“However, those last 30 seconds probably were the most nerve-racking 30 seconds of my life. That actually felt like about five minutes. We did everything that we needed to do (to secure the victory), and our goalie stood on her head the whole series.”

Bozek and the Gophers were honored at the state capitol in Minnesota after the NCAA championship and also recognized at a Minnesota Wild game. Bozek, though, was also focused on her next hockey challenge.

She left Minnesota on March 25, bound for Lake Placid, N.Y., for final week of tryouts for the U.S. National Team. The team practiced for six days in Lake Placid, then traveled to Ottawa to play Team Canada, which ended in a 1-0 win for Canada.

The final roster for the U.S. Team was announced the next morning, on April 1, at breakfast.

Bozek didn’t sleep after the Team Canada game. She was too excited and nervous for the pending announcement.

The IIHF World Championships were Bozek’s second world championships, her first with the U.S. National Team.

“The experience overall was unbelievable. I wouldn’t have traded it for anything,” she said. “I was proud that we made it to the gold-medal game and gave Canada a good run for the gold. The bounces just didn’t go our way that night.

“Playing in front of the home crowd was huge. Having my parents, (Tom and Patti), and other friends there (in Vermont), for a sold-out game against Canada, was amazing, especially with the USA flags waving. It doesn’t get any better than playing for your country, putting on that jersey and wearing it with pride. Stepping on the ice for the gold medal game was one of the most exciting things, knowing that I could help my country win a medal in general — gold or silver.”

Minnesota’s sixth-annual Golden Goldys, a student-athlete awards gala, was held at TCF Bank Stadium on April 23. Similar to ESPN’s ESPYS, the event features student-athletes in formal/dress attire. Bozek and teammate Amanda Kessel were among five finalists for the female athlete of the year award. Their team also was named best women’s team and Frost was selected best women’s coach.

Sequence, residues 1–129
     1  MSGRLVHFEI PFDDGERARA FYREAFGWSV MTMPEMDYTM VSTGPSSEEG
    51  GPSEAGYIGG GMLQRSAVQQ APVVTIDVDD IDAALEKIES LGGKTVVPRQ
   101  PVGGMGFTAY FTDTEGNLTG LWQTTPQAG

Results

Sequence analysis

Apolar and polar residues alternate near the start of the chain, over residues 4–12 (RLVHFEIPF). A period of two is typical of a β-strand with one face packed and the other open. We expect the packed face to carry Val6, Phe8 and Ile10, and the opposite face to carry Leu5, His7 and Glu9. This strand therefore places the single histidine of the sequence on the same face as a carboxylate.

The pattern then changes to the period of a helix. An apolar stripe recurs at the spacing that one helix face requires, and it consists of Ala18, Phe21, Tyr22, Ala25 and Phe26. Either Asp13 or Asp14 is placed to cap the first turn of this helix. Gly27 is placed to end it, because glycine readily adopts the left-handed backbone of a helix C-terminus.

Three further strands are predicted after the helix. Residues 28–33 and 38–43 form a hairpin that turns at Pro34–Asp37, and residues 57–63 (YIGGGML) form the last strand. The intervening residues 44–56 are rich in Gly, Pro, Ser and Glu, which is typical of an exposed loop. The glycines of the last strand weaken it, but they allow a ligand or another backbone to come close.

“It was a great honor to be recognized at a big university,” Bozek said. “I owe it all to my team. We had a great season. I’m really grateful and honored to have won (the awards).”

So now what?

Well, she was taking final exams this past week on campus and will be in Colorado in early June for a U.S. camp, and another in August. Bozek will be working at hockey camps in the Chicago area and Minneapolis over the summer.

And, she’s planning to visit teammate Baylee Gillanders over the summer at her family’s farm in Canada.

“That will be an experience I’ve never had before, so it should be an interesting week,” Bozek said, laughing.

“The summer is kind of the time to relax, focus on off-ice training, and take time away from the rink.”

And, of course, refocus on a repeat in her senior season.

“I think the sky’s the limit for Megan,” Frost said. “Hopefully she just continues to improve and cement herself as a lock for the 2014 U.S. Olympic Team, and of course we’re also hoping she has a great senior season for us as well.”